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Date:   Fri, 26 Jan 2018 16:04:34 -0800
From:   Jesus Sanchez-Palencia <>
To:     Levi Pearson <>
Cc:     Linux Kernel Network Developers <>,
        Jamal Hadi Salim <>,
        Cong Wang <>,
        Jiri Pirko <>,
        Vinicius Costa Gomes <>,
        Richard Cochran <>,,,
        Henrik Austad <>,,
        John Stultz <>,,
        Ivan Briano <>
Subject: Re: [RFC v2 net-next 00/10] Time based packet transmission

Hi Levi,

On 01/23/2018 05:43 PM, Levi Pearson wrote:
> On Wed, Jan 17, 2018 at 4:06 PM, Jesus Sanchez-Palencia
> <> wrote:
>> This series is the v2 of the Time based packet transmission RFC, which was
>> originally proposed by Richard Cochran: .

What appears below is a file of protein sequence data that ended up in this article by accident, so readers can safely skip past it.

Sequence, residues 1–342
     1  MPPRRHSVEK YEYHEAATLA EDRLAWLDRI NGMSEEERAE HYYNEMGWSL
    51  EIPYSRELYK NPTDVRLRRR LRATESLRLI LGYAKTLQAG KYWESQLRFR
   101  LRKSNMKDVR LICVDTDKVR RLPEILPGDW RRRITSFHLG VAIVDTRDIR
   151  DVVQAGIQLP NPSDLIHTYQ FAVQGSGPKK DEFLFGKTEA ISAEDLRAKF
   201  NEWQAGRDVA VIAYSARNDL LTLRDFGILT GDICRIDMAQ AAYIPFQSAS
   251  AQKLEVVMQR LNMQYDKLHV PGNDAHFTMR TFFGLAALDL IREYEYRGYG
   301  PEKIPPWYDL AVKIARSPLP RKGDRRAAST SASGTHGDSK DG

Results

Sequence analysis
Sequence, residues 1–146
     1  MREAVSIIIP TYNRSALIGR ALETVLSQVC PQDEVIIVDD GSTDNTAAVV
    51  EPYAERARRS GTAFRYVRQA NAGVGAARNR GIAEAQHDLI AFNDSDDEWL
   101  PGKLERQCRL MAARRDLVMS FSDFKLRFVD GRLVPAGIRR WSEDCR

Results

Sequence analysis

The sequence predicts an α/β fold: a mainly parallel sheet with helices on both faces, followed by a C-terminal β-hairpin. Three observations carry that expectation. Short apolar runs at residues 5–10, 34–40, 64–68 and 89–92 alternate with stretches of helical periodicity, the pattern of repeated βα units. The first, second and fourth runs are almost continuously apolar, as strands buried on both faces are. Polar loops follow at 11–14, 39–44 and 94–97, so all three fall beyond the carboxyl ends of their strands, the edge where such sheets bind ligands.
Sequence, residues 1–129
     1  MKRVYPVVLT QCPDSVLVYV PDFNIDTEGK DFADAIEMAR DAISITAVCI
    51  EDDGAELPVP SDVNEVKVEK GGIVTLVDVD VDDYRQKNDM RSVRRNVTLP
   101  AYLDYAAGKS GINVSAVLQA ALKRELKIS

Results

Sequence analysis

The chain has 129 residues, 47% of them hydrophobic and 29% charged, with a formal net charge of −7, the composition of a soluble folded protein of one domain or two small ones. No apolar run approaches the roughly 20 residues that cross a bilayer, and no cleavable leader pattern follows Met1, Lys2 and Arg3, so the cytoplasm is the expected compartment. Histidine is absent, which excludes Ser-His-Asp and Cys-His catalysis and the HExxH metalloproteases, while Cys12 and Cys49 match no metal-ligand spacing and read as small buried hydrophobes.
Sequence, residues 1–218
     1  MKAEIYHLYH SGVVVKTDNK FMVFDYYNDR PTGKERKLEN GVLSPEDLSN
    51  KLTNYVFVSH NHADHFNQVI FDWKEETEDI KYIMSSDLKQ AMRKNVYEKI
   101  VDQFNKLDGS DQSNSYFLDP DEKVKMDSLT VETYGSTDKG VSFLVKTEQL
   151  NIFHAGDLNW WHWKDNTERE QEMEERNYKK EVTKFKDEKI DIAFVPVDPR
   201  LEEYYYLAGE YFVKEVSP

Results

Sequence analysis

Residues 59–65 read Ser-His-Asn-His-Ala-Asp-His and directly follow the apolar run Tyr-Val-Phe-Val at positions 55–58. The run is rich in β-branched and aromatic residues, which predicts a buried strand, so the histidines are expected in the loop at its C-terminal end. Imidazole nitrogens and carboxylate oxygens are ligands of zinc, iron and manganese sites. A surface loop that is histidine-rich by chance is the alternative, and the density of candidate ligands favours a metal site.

> Great to see you carrying on with this!
>> Our main questions at this stage are related to the qdisc:
>>  - does the proposed design attend all use cases?
>>  - should the qdisc really drop packets that expired after being queued even
>>    for the SW best effort mode?
> I don't think that being "expired" is necessarily cause for dropping.
> The semantic of a launch time is "launch no earlier than this point"
> after all, not a deadline. To keep the hardware working, we must only
> enforce the invariant that we never queue a packet with an earlier
> timestamp than one we previously enqueued that has not launched yet.
> Just checking for expiration is going to rule out some potential uses
> and also won't necessarily prevent enqueuing out-of-order packets.

Let me just split this a bit to make sure we don’t mix things up.

Currently, as discussed during the RFC v1 thread, on tbs_enqueue() we drop
packets if they are expired or if they have an earlier timestamp than the last
dequeued packet.